The article, by Sarah Moore, uses a schematic diagram to show all of her readers that waste is important to everyone, and that it defies our classic categorical logic. It doe not easily fit in one category or another category because it is viewed by people who have both or either a first or third party experience with garbage. Moore does a good job at categorizing the four main ways in which people think about garbage, and how we think about it dictates how we act towards it.
Moore categorizes garbage into the four categories depicted on her schematic diagram including conceptual approaches in positive relational, positive dualist, negative dualist, and relational dualist. All of which she goes into much greater depth describing individual characteristics of each quadrant in her schematic diagram. Bellow are the overall quadrant meanings or the way in which she separated each group from the other.
Positive Dualist- garbage is thought of as a hazard or largely external to society
Negative Dualist- garbage is referred to as “out of Place” and “disorder”
Positive Relational- garbage is discussed here to mean “filthy” or “disgusting”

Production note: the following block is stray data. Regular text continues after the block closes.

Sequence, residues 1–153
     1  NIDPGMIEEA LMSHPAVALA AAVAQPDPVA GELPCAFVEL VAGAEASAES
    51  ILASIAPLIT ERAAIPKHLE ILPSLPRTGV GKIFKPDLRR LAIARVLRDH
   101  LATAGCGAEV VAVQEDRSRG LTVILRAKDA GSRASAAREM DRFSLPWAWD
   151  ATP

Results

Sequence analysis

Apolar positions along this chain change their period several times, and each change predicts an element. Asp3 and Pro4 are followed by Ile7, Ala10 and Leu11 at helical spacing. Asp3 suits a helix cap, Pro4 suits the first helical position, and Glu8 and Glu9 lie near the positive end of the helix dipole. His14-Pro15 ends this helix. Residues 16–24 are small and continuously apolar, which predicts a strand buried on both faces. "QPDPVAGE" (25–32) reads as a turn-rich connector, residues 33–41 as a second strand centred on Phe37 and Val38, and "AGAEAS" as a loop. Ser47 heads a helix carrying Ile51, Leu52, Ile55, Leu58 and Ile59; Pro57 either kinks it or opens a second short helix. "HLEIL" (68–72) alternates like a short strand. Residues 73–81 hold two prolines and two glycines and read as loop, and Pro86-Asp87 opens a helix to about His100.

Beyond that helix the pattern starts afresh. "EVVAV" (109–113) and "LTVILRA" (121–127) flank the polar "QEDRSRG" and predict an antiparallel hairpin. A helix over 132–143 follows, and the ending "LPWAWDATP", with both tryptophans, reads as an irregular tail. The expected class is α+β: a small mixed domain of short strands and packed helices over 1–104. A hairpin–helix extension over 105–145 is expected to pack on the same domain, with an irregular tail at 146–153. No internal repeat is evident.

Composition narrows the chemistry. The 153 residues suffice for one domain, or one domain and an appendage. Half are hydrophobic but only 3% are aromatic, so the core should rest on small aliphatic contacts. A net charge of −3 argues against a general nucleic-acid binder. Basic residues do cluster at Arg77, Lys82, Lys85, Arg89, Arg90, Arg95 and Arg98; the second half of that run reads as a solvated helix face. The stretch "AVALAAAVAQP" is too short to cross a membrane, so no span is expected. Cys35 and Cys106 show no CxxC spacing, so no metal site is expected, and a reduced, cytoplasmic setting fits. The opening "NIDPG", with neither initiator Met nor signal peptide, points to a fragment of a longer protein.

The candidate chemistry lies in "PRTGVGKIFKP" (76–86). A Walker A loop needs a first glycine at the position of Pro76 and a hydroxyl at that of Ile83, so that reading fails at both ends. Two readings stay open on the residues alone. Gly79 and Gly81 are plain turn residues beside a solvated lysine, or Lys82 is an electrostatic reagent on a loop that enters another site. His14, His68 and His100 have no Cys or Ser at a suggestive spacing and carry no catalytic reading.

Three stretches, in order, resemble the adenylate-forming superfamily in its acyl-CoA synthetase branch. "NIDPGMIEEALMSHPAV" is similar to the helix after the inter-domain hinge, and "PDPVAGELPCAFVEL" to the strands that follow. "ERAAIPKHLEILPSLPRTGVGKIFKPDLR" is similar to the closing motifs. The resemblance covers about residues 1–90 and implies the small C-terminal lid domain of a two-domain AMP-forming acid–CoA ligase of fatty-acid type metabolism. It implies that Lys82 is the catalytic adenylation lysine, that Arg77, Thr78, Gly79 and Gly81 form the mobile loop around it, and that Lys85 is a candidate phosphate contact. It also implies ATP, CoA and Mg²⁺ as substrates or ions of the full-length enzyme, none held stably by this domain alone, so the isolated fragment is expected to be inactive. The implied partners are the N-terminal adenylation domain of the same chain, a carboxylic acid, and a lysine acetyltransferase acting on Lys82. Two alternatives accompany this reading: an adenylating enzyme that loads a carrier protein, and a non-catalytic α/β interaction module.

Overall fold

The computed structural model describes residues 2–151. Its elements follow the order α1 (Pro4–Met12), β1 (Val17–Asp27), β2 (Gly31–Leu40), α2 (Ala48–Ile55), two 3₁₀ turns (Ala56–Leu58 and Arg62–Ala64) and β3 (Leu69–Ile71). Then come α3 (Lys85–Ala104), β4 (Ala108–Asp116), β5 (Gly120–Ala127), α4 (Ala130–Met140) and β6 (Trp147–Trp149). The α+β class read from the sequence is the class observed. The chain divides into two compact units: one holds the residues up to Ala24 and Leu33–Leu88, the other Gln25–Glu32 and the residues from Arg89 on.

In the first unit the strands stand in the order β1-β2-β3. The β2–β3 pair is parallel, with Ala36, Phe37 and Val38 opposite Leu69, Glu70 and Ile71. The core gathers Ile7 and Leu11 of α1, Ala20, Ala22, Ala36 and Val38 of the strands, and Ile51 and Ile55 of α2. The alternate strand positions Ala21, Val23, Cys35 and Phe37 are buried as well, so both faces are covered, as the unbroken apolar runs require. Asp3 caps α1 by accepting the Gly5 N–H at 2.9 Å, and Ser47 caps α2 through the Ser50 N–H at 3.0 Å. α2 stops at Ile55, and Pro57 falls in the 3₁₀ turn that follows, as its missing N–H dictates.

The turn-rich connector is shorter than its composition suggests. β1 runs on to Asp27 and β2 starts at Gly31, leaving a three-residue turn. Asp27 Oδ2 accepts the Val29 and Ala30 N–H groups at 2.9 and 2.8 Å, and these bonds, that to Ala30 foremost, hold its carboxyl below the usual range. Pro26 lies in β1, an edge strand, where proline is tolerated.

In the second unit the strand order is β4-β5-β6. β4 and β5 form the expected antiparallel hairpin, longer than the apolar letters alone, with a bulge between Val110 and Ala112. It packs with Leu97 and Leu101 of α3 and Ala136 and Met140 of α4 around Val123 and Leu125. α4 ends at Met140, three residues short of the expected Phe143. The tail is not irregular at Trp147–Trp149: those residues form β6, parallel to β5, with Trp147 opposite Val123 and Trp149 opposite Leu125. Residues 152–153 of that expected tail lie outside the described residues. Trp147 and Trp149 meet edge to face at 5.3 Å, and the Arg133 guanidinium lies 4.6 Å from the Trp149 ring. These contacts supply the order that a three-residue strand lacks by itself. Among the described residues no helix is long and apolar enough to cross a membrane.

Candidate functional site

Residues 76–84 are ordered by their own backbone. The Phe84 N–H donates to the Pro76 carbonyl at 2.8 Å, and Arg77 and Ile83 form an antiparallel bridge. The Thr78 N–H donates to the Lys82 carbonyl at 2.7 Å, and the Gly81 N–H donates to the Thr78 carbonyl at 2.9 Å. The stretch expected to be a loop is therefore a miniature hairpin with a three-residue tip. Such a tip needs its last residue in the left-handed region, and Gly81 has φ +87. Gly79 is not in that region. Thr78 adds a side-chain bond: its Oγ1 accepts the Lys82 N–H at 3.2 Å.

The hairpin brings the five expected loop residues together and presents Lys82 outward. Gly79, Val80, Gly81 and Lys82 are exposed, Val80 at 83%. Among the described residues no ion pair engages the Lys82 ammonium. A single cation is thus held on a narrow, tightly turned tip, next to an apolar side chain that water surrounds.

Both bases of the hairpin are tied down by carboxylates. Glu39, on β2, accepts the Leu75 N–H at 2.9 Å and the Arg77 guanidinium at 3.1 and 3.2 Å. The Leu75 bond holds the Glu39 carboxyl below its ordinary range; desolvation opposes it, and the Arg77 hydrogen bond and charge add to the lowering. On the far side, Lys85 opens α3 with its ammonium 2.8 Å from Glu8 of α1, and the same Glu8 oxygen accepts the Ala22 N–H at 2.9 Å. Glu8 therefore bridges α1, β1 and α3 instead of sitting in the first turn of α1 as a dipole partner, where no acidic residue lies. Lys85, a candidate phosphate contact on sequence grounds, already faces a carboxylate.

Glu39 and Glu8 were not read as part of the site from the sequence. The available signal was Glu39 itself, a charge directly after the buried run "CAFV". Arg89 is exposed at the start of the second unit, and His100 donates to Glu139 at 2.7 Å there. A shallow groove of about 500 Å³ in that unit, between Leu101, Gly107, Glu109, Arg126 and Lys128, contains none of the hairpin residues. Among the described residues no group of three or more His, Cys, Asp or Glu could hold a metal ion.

Negative Relational- garbage is defined as something that is “invaluable” and “undefinable”
Moore is unique in her approach to garbage because she uses social science research on garbage to make connections between politics, and research on converging and diverging notions on garbage in modern society. How the way in which people view garbage varies greatly, and due to the increased work on waste and waste disposal is becoming more important. As populations are growing and expanding their footprints over more and more land, there are fewer and fewer places for garbage to be disposed of or dumped in areas that are not near suburban housing developments, cities, and urban housing developments.